BANGKOK— The price of oil fell Monday, edging off a two-year high as the likelihood of a U.S. attack against Syria appeared to diminish.
Benchmark oil for October delivery fell 33 cents to $110.20 a barrel at midday Bangkok time in electronic trading on the New York Mercantile Exchange.
On Friday, the contract rose $2.16 to close at $110.53 on the Nymex, the highest closing price since May 3, 2011. The sharp increase was driven by a disappointing U.S. jobs report and continuing worries about Syria’s civil war.
President Barack Obama has called for military action against the regime of President Bashar Assad in retaliation for what the White House says was a chemical weapons attack against civilians in suburban Damascus last month.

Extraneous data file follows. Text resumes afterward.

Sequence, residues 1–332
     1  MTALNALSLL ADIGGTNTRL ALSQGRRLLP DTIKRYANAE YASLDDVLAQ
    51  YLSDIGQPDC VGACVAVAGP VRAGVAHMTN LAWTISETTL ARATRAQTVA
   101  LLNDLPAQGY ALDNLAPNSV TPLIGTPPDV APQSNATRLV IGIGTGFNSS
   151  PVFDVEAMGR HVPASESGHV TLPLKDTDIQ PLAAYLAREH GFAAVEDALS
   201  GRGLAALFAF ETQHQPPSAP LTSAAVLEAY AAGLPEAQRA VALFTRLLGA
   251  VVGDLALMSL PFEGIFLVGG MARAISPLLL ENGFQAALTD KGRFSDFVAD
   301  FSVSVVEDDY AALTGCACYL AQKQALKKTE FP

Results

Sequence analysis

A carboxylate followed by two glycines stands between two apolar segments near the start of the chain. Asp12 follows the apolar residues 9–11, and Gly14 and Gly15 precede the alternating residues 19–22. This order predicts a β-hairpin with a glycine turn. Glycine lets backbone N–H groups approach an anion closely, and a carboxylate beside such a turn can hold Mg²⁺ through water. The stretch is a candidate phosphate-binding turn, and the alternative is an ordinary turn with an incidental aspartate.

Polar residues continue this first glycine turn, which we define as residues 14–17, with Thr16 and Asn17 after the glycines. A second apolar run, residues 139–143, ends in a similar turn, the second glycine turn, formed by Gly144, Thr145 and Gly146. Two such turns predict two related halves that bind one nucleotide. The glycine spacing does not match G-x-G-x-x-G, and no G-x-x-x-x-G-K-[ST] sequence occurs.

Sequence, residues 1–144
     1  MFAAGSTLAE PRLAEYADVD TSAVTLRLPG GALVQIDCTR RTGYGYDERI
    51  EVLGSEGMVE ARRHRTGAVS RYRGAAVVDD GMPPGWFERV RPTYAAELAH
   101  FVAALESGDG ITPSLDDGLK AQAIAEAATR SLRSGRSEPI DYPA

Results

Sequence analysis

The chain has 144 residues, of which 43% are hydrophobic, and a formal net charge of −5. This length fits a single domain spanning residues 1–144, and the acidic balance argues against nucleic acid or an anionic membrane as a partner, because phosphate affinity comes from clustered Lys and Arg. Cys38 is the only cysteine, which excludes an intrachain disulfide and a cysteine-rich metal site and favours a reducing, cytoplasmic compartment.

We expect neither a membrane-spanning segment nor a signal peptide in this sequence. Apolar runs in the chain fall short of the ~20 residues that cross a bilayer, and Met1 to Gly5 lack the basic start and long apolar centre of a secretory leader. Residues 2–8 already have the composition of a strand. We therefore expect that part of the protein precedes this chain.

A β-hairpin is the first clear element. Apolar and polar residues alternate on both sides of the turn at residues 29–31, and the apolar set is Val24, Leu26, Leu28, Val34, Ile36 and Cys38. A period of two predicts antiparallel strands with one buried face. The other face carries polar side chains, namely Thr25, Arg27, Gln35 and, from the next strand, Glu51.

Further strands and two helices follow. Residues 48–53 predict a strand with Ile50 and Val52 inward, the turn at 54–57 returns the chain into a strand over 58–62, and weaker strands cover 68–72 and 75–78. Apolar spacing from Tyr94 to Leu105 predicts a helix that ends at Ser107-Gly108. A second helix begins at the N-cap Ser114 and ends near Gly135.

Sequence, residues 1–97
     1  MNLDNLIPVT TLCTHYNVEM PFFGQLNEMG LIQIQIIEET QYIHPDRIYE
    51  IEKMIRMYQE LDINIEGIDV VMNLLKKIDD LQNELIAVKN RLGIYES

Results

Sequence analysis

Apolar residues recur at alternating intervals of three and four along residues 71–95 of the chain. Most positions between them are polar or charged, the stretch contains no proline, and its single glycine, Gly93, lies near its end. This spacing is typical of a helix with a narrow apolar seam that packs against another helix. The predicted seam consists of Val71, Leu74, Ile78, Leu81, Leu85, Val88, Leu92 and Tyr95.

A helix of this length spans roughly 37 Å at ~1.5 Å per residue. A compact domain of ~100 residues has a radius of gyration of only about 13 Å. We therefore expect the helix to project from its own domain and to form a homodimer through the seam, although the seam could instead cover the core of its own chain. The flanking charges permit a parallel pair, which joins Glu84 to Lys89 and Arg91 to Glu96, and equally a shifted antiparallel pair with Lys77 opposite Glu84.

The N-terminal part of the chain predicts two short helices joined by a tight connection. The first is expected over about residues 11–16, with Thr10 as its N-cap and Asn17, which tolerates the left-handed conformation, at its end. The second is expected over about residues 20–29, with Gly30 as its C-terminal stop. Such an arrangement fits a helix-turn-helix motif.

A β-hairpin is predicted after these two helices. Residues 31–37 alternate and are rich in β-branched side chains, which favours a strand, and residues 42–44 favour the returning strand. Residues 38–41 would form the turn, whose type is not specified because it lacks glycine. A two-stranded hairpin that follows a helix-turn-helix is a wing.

But Obama so far has failed to win support for intervention both at home and abroad. The U.S. Congress is set to hold votes on authorizing limited strikes into Syria as soon as Wednesday.
Prices also dipped on the heels of a disappointing jobs report. The U.S. government said Friday that employers added 169,000 jobs in August, below expectations. On top of that, July’s figure was corrected downward from an earlier estimate of 162,000 jobs to 104,000 jobs, the fewest in over a year.
Brent, the benchmark for international crudes, fell 2 cents to $116.10 per barrel on the ICE Futures exchange in London.
In other energy futures trading on Nymex:
— Wholesale gasoline fell 1 cent to $2.8441 per gallon.
— Natural gas rose 2.1 cents to $3.551 per 1,000 cubic feet.
— Heating oil fell marginally to $3.1636 per gallon.